Under a battered aqua-and-white umbrella on Mount Pleasant Street NW, Ignacio Nunez serves up a taste of the tropics.

The sweet orange meat of the ripe mango. The firm flesh of the green mango, coated with a mouth-watering splash of salt and hot sauce. The cool clear milk of the green coconut. The peach-colored pulp of the tiny limoncillo. Sugar cane: Chew it until the sweet liquid is sucked out and the stalk reduced to a bunch of splintered fibers.

It's not just a fruit stand. It's a slice of home.

"I come here almost every day because I like this fruit and because this reminds me of my country--even if it is just fruit," said Ricardo Ramos, who is from El Salvador and now lives in Wheaton.

Ramos is a painting contractor who works on Capitol Hill, but he goes out of his way to stop at least once daily--often twice--at Nunez's stand. Today, he buys $9.50 worth of pineapple, oranges and coconut milk for lunch.

"You think of your tradition," said Pedro Sanchez, who makes a point of visiting Nunez's stand every time he comes to Washington from Boston, where he now lives. "If you can't find this, you forget little by little."

Three years ago, Nunez shed his coat and tie and job as a loan officer at a bank in his native Dominican Republic and moved to Silver Spring to join his American bride of Dominican descent.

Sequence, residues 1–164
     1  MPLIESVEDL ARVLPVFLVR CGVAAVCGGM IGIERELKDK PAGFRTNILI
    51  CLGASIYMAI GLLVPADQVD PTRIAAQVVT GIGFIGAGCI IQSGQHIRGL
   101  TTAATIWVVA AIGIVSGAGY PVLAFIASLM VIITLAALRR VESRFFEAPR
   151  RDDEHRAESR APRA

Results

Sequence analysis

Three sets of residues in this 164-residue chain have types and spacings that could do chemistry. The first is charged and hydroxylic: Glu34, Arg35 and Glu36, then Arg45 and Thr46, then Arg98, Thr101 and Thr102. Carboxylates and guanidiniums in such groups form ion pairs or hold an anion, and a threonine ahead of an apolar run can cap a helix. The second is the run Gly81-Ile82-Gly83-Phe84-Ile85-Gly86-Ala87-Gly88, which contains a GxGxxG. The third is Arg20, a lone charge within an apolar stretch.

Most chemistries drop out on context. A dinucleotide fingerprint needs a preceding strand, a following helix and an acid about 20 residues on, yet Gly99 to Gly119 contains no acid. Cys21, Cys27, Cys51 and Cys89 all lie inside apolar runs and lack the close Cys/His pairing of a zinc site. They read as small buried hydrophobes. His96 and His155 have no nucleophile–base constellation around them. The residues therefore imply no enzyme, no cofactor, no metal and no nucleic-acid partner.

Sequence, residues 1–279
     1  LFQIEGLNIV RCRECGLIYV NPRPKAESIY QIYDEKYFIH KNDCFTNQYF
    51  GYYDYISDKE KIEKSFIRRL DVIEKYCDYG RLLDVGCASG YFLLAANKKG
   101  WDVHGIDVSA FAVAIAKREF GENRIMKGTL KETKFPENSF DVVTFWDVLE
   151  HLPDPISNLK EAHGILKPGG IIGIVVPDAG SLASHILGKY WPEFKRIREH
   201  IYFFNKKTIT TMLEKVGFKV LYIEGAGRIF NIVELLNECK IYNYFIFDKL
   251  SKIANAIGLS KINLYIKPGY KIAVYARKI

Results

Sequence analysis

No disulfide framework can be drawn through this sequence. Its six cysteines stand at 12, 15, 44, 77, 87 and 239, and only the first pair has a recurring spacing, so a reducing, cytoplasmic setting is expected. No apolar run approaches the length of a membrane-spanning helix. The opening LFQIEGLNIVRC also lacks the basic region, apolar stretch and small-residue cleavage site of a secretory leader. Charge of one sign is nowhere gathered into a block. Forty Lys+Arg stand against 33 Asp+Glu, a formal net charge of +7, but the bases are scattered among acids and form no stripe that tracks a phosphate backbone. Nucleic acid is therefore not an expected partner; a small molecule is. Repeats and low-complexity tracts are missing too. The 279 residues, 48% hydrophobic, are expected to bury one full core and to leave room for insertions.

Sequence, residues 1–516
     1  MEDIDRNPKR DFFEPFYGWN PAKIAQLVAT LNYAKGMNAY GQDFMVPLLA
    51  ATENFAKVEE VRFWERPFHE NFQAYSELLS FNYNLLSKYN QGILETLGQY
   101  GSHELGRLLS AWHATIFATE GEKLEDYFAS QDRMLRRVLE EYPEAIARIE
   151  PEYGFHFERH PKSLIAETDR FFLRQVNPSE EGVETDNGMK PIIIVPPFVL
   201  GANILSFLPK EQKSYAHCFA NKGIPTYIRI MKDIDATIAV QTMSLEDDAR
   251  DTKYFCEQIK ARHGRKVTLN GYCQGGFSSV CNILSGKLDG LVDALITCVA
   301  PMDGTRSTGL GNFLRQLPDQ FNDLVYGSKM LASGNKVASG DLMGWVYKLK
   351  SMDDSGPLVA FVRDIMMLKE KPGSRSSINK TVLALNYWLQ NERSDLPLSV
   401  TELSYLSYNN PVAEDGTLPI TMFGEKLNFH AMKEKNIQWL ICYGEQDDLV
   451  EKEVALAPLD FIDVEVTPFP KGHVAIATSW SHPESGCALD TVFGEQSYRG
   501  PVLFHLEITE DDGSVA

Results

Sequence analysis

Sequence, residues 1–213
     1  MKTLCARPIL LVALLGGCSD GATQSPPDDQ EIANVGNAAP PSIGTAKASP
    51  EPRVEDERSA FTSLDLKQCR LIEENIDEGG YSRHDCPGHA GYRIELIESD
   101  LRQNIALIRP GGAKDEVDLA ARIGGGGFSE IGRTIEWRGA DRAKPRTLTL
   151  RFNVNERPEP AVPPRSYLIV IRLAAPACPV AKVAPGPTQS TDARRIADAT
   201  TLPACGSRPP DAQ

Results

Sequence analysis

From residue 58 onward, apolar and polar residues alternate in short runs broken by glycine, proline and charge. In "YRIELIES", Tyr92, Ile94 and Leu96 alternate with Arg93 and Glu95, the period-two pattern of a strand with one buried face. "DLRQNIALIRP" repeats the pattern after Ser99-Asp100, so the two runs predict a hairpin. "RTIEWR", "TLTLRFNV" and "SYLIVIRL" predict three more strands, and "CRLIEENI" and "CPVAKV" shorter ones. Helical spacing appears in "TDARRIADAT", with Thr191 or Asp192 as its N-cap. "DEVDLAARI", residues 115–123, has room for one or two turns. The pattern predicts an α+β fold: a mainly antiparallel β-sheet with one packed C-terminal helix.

He created his fruit-peddling business, he said, in order to bypass the rut of a maintenance job that so many newly arrived immigrants fall into. He also has more freedom to control his life than, he said, "when I was a functionary in my country." Now his brother and their wives also run tropical fruit stands, staking out corners in the Columbia Heights, Mount Pleasant and Petworth neighborhoods.

"I feel better," said Nunez. "I can talk to many different people . . . and I know there's an equilibrium here now. There's a definite community and some of my customers never fail me."

There's 81-year-old Maria Berta Lopez, who shows up this day to buy a nice fat papaya--but not before she scolds Nunez for arriving an hour later than usual at his spot near the corner of Irving Street.

Private First Class Rosa Maria Roldan Torres, a D.C. police officer originally from Puerto Rico, takes her break daily at Nunez's stand. She buys the bananas and quenepas.

Kim Pham and her mother, Nha Tran, stop by, as they do often, for an entire box of yellow-skinned Haitian mangoes. They're called xoai in Vietnamese.

Antonia Paulino, originally of the Dominican Republic, gets into a discussion about papaya vs. lechosa. Same fruit, different name, depending on the Latin American country. No matter. She's there for something more.

"It's a little piece of my country," she said. "Even if you're here for many years, you never forget your roots."